SA election 2014

Electorate: Heysen

Margin: Liberal 16.5%
Region: Adelaide Hills
Federal: Mayo
Click to download SA Electoral Commission boundaries map

The candidates



Liberal (top)

Labor (bottom)

Dignity for Disability

Isobel Redmond’s electorate of Heysen covers an area of the Adelaide Hills beyond the south-eastern edge of the metropolitan area, including Stirling and Hahndorf, together with rural territory south to Strathalbyn. It has only been marginally changed in the latest redistribution. There is room for dispute as to whether Heysen or Waite is the successor to Mitcham, which was the only lower house seat ever won by the Australian Democrats. The electorate was substantially redrawn at the redistribution before the 2010 election, which mostly entailed the exchange of outer suburban areas for Strathalbyn and Hahndorf.

Heysen was first created at the redistribution which gave effect to the electoral reform of 1970, although it disappeared between 1977 and 1985. David Wotton held the seat for the Liberals at both ends of the exchange, from 1975 to 1977 and again from 1985 to 2002, serving in the more rural seat of Murray in between. Wotton was run close on a number of occasions by the Australian Democrats, who were aided by Labor’s tactic of running dead. The Democrats’ last gasp came when Wotton retired in 2002, when they polled 16.3% and came within 4.0% of victory after preferences. The Greens have at least partly filled the void, their primary vote consistently being around the 17% mark at the last three elections.

Wotton’s successor as Liberal member was Isobel Redmond, a solicitor who shared Wotton’s links to the locally dominant Evans family faction. Redmond was quickly promoted to the front bench in April 2004, and there were suggestions she would emerge as a compromise candidate for the deputy leadership after the 2006 election as conservative elements grumbled about a deal that gave the position to leading moderate Vickie Chapman. Redmond herself complained of interference by federal MPs in reaching the deal and made a vain protest by running for the leadership instead, scoring two votes to Iain Evans’s 20.

As Evans’ successor Martin Hamilton-Smith floundered as leader in the wake of the fake emails affair in June 2009, Redmond was seen to add fuel to the fire by saying she would “grab it with both hands and go for it” if the opportunity to become leader fell to herself. However, she declined to put her name forward when Hamilton-Smith called for a spill the following month, instead taking the deputy leadership from Chapman when she failed to topple Hamilton-Smith by a margin of one vote.

When Hamilton-Smith called another spill to clear the air immediately afterwards, Redmond was prevailed upon to put her name forward by way of breaking the impasse between Chapman and her opponents. Hamilton-Smith duly announced he would step aside and support Redmond, who won the party room ballot with 13 votes to nine for Chapman after a third contender, Mitch Williams, was knocked out in the first round. With Redmond as leader, the Liberals gained an 8.4% swing at the 2010 election to win the two-party vote by 51.6% to 48.4%, but the swing’s uneven distribution meant the Liberals were only to gain three of the required six seats.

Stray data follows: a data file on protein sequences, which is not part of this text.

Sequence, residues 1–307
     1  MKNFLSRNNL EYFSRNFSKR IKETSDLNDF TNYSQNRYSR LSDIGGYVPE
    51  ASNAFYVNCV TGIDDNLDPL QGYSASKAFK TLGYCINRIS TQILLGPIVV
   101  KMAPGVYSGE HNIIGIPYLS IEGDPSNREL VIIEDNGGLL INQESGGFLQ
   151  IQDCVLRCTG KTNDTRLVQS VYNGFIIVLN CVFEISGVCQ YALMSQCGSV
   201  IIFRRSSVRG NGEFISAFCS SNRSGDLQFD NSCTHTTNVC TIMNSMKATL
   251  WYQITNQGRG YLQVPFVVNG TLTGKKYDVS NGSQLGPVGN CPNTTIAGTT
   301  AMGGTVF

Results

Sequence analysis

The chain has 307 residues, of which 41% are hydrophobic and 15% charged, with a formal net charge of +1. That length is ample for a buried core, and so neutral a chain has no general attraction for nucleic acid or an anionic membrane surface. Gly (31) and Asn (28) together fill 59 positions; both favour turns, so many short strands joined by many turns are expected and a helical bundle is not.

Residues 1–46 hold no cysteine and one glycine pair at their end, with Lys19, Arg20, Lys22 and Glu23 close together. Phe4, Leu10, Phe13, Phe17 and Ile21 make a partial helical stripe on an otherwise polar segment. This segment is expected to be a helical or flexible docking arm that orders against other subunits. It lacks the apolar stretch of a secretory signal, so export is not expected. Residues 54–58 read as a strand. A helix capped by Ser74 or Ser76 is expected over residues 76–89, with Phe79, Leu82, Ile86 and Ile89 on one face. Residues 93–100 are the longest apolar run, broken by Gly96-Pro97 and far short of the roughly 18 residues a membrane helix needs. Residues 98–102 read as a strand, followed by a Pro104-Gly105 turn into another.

The election result proved the high-water mark of Redmond’s political fortunes. In its immediate wake she sought to have her deputy, Steven Griffiths, replaced by Iain Evans, whose factional muscle would become an increasingly important part of her security in the leadership. However, the party room then rebuffed her by instead electing Martin Hamilton-Smith, leading an infuriated Redmond to move for another ballot. Evans then agreed to leave the field clear for Mitch Williams as a compromise candidate.

Redmond then suffered a series of gaffes and mounting discontent over her lack of aggression in response to bad economic news and the axing of BHP’s Olympic Dam expansion. That her own enthusiasm for the job was waning was evident in mid-2012 when she mused about the possibility of filling Mary Jo Fisher’s Senate vacancy. Meanwhile, talk was afoot of schemes to bring either Alexander Downer or lobbyist Ian Smith into parliament to take over from her. The condition of Redmond’s leadership deteriorated still further the following September when she said she wished to see the size of the public service cut by nearly a quarter. The next month she was challenged by Martin Hamilton-Smith, whose failure to succeed by a single vote was said to have resulted from some MPs holding out for the promise of Downer being drafted.

Redmond finally announced she was standing aside the following February, with Norwood MP Steven Marshall securing cross-factional support to replace her without opposition. She has since sat on the back bench, and she has since sat on the back bench.

All post-redistribution margins are as calculated by Jenni Newton-Farrelly of the South Australian Parliamentary Library. Corrections, complaints and feedback to William Bowe at pollbludger-at-bigpond-dot-com. Read William’s blog, The Poll Bludger.

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